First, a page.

Exclusive fiction for Prospect subscribersby Andrés Neuman / July 17, 2014 / Leave a comment
Published in August 2014 issue of Prospect Magazine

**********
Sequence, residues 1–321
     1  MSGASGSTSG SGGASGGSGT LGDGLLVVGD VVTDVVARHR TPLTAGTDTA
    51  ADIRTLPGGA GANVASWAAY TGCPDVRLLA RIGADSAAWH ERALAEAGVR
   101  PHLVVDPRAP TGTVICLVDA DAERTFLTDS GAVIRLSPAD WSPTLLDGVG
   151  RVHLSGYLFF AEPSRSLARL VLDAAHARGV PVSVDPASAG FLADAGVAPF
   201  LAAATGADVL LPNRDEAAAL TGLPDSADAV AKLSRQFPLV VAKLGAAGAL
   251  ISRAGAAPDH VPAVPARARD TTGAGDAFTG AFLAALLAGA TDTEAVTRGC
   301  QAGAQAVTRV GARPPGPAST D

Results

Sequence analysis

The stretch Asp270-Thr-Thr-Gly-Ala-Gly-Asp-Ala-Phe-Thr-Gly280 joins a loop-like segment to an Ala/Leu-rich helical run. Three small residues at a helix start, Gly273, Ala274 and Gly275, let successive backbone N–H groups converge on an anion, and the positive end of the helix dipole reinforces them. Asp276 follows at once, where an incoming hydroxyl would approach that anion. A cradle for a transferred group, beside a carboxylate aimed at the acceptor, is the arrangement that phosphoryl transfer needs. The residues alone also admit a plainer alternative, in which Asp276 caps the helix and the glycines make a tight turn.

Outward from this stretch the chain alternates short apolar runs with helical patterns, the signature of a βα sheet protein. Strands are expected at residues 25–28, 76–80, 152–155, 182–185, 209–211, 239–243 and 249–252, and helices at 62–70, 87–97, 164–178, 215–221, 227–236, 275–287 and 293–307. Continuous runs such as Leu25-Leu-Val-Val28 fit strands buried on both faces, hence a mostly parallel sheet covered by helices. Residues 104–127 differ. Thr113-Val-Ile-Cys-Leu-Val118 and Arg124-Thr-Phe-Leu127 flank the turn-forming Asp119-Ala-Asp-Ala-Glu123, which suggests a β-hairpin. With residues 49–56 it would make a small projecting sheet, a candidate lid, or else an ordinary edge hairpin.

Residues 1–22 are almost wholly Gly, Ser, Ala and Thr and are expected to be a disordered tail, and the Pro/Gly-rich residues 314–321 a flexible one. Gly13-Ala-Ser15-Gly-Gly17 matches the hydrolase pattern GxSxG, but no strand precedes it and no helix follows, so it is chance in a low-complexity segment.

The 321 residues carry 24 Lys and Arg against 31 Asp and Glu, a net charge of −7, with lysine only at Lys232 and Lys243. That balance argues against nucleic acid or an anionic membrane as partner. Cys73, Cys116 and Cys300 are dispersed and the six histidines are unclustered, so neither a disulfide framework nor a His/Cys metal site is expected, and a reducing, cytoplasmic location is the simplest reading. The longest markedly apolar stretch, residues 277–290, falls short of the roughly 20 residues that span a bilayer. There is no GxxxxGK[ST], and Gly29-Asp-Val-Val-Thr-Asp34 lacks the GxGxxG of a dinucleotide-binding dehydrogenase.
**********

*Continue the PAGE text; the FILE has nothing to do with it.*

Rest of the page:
© Simon Pemberton Andrés Neuman was born in Buenos Aires in 1977. He was selected as one of Granta’s Best Young Spanish-Language Novelists in 2010 and was shortlisted for the 2013 Independent Foreign Fiction Prize. The story below comes from his new collection, The Things We Don’t Do. Explaining the inspiration for “Anabela and the rock,” Neuman says: “The beach is a place of desire. But it is also a stage for what does not happen. Most of us have spent part of our childhood or our adolescence there, spying on unattainable bodies, pleading with time. Maybe that is why a beach is something of a blank page, where everything has yet to be told.” Who dares to swim to El Cerrito? asked Anabela, her face, I don’t know, like something moist and very bright. I imagine a cookie as big as the sun, an enormous cookie dipped in the sea. That’s sort of what Anabela’s face looked like when she asked us. Nobody dares? she insisted, but I don’t know what face she made then because my eyes slid further down. Her bathing suit was green, green like I don’t know what, I can’t think of an example right now. It was light green and the top was sort of pinched in the middle. Anabela was always laughing at us. And that was okay, because she was two, or maybe three years older than we were, she was almost a woman, and we, well, we were staring at the top of her bathing suit. It was worth having her laugh at us, because her shoulders went up and down and the light green material moved around inside as well. Since no one replied, Anabela folded her arms. And that was bad, because now we could no longer see anything and had to look at each other and notice our fear of the water and our irritation at not being good enough for Anabela. Good enough for, I don’t know, those big waves, like the ones the older boys surfed, and then we realized that only one of them could make Anabela happy. Except that she never took any notice of them, which made us even more confused. Every afternoon, Anabela would swim out on her own to El Cerrito, a dry rock about two kilometres east. We couldn’t go there. Well, we could, but we weren’t allowed, because it was dangerous and besides they said strange things went on over there, like naked people sunbathing and other stuff. It took nearly an hour of long, hard swimming to get to the rock, and made us a bit nervous to watch Anabela plunge in, to watch her head appear and disappear until it became, I don’t know, a buoy, a speck, nothing. She would swim over there, sunbathe for a while, two of us reckoned without the top half of her bathing suit on, and three others reckoned with nothing on at all, and at sunset she would come back in a motorboat, because there was always someone with a motorboat coming back to the beach. That was the worst part, we all agreed, of her going off on her own. We all felt sure nothing bad would happen to her on the way there, she was older and very fast, she was a really strong swimmer and always knew what to do. Besides, Anabela was amazing at ﬂoating, when she got tired she would lie on her back, her arms and legs spread wide apart, and she could stay like that, almost asleep, as long as she wanted, like a mermaid or, I don’t know, a green lifebelt, with only her mouth, nose and toes poking out. And pointy bits in the top of her bathing suit. It was the journey back from the rock that worried us, because some scoundrel, that’s what my dad said, some scoundrel in the boat might, I don’t know. My dad didn’t say what. Anabela scoffed and turned her back on us. In fact, I think she had only asked for the sake of it, she already knew none of us had the nerve to swim that far. Not just because we were afraid of El Cerrito, but because of the awful punishment our parents had threatened us with if we dared go. And what about Anabela’s parents? Did she have their permission? It’s funny, because I had never thought about it before that afternoon. I had imagined she must have, or had imagined nothing at all. Nothing. Anabela was tall, and very fast, who could forbid Anabela anything? When I saw her walk once more to the water’s edge that afternoon, when I saw her move, I don’t know, in that way she had, I felt something tremendous there, between my stomach and sternum. Until suddenly Anabela heard a voice, and I heard that voice too and I realized it was mine telling her: I’ll go with you. It was a burning sensation down there. Anabela turned towards us in surprise. She shrugged, the light bouncing off her shoulders, I don’t know, like a beach ball, it rolled down her arms and all she said was: All right. Let’s go. The others looked at me, I know for sure, with more envy than fear, and I even suspected one of them was going to tell tales on me to my dad. Was I doing the right thing? But there was no time for hesitation, because Anabela’s suntanned arm was already tugging at mine, her yellow down was guiding me to the sea, and her feet and mine made the pebbles crunch at the water’s edge, that was happening now and it was almost impossible to believe. Then I had the feeling I had been born and learned to swim and spent the summer holidays at that beach just for this, to perceive that moment, I don’t say experience it because in that instant it wasn’t happening to me, it was happening to somebody else. I saw myself take my ﬁrst strokes behind Anabela’s thrashing legs, Anabela’s feet that went in and out of the water. My friends were yelling, it made no difference. I don’t know how far we swam. The sun was blinding us, we could no longer hear voices from the beach, only the sound of the waves and the seagulls. We felt a mixture of cold and heat, the current was pulling us along and I was happy. When we set out, the ﬁrst few minutes, I had only thought about what I was going to say to Anabela, how I should behave when we reached the rock. But then everything started getting wet, I don’t know, sort of going soggy, my head too, and I stopped thinking and I realized this was it, we were together, we were swimming as if we were speaking. From time to time, Anabela would turn her head to make sure I was still following her, and I tried to keep my head up high and smile at her, swallowing salty water, so that she saw I could keep up with her, although the truth was I couldn’t. We only stopped for a rest twice, the second time because I asked her, and I felt a bit ashamed. She ﬂoated and taught me how to play dead, she explained exactly what you have to do with your stomach and lungs in order to stay aﬂoat, like a lilo. I thought I was no good at it, but she congratulated me and laughed like, I don’t know what, and I thought about kissing her and I laughed too and I swallowed water. That’s when I decided that instead of telling my friends how things had gone, instead of boasting about every detail, which is what I had planned to do at ﬁrst, I wasn’t going to tell them anything. Not a word. I was just going to remain silent, smiling, triumphant, with a knowing look on my face, like Anabela, in order to let them imagine whatever they liked. I don’t know how far we swam altogether, but El Cerrito was close, or it looked close. It was a while since we had stopped the second time. I felt exhausted, Anabela was relaxed. I was no longer enjoying myself, I had only one mission, to keep going, keep going, to push with my arms, my stomach, my neck, everything. That’s why it is so difficult to explain what happened, it was all very quick or very invisible. Every second stroke I rolled my head half out of the water, glanced at the rock and calculated how far we had left to go, and to take my mind off my tiredness I started to count Anabela’s fast kicks and my own heartbeat. It was because I was counting Anabela’s kicks, that I was so surprised when I paused for a moment, saw the rock ahead of me and didn’t see her. She was simply gone. As if she had never been there. I turned in circles a few times, arms ﬂailing, swinging my head from side to side. I saw myself in mid-ocean, miles from the beach, still a long way from El Cerrito, ﬂoating in the midst of silence, with no sign of Anabela. And I felt, I don’t know, doubly frightened. Not just because I was alone. But because I realized that for a good while I had been counting my own kicks. I cried out a few times, the way she had perhaps cried out when I hadn’t heard her or had mistaken her cries for seagulls, I don’t know. But crying out exhausted me as well, and it made my body ache. I realized if I wanted to have the slightest chance of reaching the rock I had no choice but to be quiet, calm down, stiﬂe my terror and keep swimming. Move forward and keep swimming, nothing more. This time I didn’t count, I didn’t think, I didn’t feel anything. I swam until I lost all sense of time, as if I were part of the sea. By the time I reached the shore of El Cerrito, the waves were dragging me along almost with no resistance. My body was one thing and I was another, I don’t know. I don’t remember much about it. My head was spinning, I could hardly see, I was gasping so much no air came out, it only went in. My blood was going to explode, my arms and legs felt hollow or, I don’t know, like a deﬂated lilo. Sprawled amid the rocks, I heard voices approach, I saw or thought I saw several naked men around me, suddenly I felt like going to sleep, someone touched my chest, I was drifting off, air started coming out of my mouth, I made an effort, I opened my eyes and now, yes, I thought about Anabela, and how I had done it, how for once I had been good enough for her.